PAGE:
Woven fabrics do not have any "give", they aren't stretchy like knits are. They are often easier to find in cute prints than knit fabrics are, and are far more durable, and therefore are a popular choice for the outside of diapers, covers, and all in ones. I wouldn't use a woven fabric next to the baby's skin unless it was very, very soft. Get a pre washed scrap wet and see how it feels next to the skin - if it's scratchy, don't use it right next to baby. Woven cottons stay looking nice much longer than flannel or knits. If you want diapers to look just as vibrant as the day you made them, use a woven print on the outside instead of a knit or flannel.
There are many types of wool weaves. The most popular wool weaves for breathable cloth diaper covers are wool knits such as wool jersey and wool interlock, or wool doubleknits. Wool flannels and coat weight (melton) wools also work well but may not be as soft. In order for wool to work well as a diaper cover, it sometimes needs to be felted first. In order to felt wool, you will be going against normal "wool rules" by washing it in your washing machine on HOT and drying on HOT. This shrinks your wool fabric nice and tight. NEVER use regular clothing detergents on wool, always use a wool wash or gentle baby shampoo to not only felt your wool for the first time, but to care for the items you make with it afterwards.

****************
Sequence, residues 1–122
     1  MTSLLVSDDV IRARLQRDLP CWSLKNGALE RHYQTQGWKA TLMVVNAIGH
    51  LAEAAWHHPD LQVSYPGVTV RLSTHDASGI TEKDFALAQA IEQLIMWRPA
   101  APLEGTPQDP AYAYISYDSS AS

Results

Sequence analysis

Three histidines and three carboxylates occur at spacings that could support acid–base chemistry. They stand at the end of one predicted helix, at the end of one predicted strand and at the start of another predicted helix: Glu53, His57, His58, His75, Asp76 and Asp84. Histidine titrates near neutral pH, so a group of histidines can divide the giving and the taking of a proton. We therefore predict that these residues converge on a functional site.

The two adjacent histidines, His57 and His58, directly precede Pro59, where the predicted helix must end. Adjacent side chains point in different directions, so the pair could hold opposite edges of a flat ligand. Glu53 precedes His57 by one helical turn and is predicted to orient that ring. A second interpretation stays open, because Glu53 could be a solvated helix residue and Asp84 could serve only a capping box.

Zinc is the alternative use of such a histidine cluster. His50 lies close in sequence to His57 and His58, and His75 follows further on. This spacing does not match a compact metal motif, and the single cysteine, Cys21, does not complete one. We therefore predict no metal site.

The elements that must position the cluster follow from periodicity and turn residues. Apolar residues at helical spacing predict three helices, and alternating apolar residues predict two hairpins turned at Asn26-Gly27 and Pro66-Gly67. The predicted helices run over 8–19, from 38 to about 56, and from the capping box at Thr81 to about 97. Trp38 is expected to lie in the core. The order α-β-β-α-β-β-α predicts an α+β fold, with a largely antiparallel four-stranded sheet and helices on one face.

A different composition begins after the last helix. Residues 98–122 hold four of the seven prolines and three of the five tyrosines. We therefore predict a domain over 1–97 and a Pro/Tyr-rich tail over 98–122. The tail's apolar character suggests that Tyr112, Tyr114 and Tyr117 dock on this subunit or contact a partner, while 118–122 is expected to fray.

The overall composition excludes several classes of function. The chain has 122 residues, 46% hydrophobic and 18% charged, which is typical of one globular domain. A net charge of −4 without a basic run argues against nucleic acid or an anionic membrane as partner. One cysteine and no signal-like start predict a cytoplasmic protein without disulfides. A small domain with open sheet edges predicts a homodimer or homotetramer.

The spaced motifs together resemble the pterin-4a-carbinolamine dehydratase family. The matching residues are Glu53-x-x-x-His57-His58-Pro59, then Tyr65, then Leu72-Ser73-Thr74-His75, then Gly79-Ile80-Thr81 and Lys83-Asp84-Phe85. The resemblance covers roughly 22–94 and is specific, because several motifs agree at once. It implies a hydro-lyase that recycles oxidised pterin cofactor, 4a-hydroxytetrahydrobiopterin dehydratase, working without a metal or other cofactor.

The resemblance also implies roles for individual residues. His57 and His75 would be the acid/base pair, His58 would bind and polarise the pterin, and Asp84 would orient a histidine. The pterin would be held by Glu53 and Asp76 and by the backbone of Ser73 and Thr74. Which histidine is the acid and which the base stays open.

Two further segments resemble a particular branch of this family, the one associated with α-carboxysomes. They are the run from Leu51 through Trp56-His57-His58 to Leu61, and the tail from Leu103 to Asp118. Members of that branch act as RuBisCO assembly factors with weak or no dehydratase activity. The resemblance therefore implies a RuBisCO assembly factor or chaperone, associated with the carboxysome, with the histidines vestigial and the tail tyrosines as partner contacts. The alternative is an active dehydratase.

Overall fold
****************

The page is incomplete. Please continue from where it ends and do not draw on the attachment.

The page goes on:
Wool contains natural lanolin which helps a wool cover function like it does (keeping moisture where it belongs). Natural lanolin can be stripped during fabric processing or with use. If your wool covers stop working well, you may need to re-lanolize them. You can lanolize your wool by soaking in diluted Eucalan Wool Wash or soaking it in a lanolin bath by dissolving pure lanolin (leftover Lansinoh from early breastfeeding days works well) in a bath of warm water.
Wool can absorb 30% its weight before it starts to feel damp, this not only draws moisture out of the diaper and away from baby's skin but helps keep sheets and laps dry as well making wool an ideal choice for night time or day covers.